There are a bunch of good primers on the 20-80 scouting scale out there, but here’s a good one from Prospect Insider. Long story short: 20 is terrible, 80 is elite, and 50 is average. Sometimes you’ll see half-grades like a 55 or 75 of whatever. 80s are very rare though and are not thrown around all that often.
Baseball America started including 20-80 grades for individual tools in their Prospect Handbook back in 2011, but for each organization’s top prospect only. Here are all the 80s:
- 2014: Rockies RHP Jonathan Gray’s fastball, Twins OF Byron Buxton’s speed and defense, Nationals RHP Lucas Giolito’s fastball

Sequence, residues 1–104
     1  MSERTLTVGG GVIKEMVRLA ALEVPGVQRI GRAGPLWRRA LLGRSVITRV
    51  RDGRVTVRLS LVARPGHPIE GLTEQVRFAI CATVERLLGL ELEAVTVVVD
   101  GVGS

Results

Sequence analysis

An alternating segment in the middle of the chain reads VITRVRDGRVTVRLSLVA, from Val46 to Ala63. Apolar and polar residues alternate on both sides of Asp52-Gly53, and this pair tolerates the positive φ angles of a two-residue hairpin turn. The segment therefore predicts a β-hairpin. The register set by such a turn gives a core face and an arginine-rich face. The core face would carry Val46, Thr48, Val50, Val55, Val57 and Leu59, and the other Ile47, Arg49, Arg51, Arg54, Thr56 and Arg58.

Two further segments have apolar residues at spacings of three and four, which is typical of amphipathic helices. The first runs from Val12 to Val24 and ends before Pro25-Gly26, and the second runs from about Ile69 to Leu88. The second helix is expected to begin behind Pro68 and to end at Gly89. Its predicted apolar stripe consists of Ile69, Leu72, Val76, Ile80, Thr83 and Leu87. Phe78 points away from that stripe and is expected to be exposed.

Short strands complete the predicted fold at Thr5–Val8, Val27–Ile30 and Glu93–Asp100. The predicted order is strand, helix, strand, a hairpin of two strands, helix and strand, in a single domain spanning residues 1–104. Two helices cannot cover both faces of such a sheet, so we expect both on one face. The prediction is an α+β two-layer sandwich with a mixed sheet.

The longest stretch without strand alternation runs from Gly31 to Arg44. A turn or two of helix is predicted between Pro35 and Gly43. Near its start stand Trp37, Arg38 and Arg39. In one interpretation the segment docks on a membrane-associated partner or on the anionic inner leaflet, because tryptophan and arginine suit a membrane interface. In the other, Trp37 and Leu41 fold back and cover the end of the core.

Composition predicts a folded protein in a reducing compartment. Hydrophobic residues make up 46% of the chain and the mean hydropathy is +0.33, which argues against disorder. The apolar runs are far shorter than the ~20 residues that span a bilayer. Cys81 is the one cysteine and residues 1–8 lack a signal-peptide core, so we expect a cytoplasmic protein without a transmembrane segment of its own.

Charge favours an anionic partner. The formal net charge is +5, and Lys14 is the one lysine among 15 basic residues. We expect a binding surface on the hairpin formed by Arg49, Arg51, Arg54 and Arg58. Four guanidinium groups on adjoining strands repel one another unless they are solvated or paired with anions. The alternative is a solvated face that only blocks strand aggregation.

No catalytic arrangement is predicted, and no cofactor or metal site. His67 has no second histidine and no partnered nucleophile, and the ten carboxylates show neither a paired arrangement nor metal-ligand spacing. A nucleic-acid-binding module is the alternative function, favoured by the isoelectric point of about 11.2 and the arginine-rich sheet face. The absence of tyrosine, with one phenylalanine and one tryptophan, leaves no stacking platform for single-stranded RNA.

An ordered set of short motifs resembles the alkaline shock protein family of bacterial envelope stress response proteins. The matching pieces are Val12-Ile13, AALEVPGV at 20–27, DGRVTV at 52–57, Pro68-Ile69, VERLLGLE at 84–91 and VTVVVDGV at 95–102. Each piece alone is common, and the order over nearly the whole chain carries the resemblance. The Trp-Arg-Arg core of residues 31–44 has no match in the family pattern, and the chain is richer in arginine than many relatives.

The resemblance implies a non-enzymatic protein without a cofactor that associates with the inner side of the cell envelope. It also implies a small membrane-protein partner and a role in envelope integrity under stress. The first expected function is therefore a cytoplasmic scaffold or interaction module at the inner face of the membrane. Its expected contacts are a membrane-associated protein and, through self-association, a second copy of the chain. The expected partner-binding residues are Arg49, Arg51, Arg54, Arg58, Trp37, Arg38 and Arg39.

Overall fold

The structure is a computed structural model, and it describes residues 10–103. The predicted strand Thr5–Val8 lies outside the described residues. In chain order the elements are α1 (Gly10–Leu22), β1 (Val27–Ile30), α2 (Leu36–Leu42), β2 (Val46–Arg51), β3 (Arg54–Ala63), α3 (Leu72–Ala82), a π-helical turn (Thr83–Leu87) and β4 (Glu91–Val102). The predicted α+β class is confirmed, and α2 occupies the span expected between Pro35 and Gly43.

- 2013: Reds OF Billy Hamilton’s speed, Twins 3B Miguel Sano’s power, Pirates RHP Gerrit Cole’s fastball
- 2012: Angels OF Mike Trout’s speed, Giants OF Gary Brown’s speed, Cole’s fastball
- 2011: Reds LHP Aroldis Chapman’s fastball, Nationals OF Bryce Harper’s power and arm, Trout’s speed
The Yankees drafted both Gray (2011 tenth round) and Cole (2008 first round) but did not sign them, in case you forgot. /sobs
Anyway, that’s it. Fourteen 80 tools in four years worth of top prospects. Five tools per prospect and 30 prospects per year gives us 600 tools total, meaning 2.3% graded out at 80s. Sounds about right. Like I said, 80s are rare and saved for the truly elite. Also, I think it’s interesting that ten of those 14 tools above are speed or fastball, things that can be quantified with a stop watch and radar gun. Saying someone has an 80 hit tool or 80 changeup is much more subjective.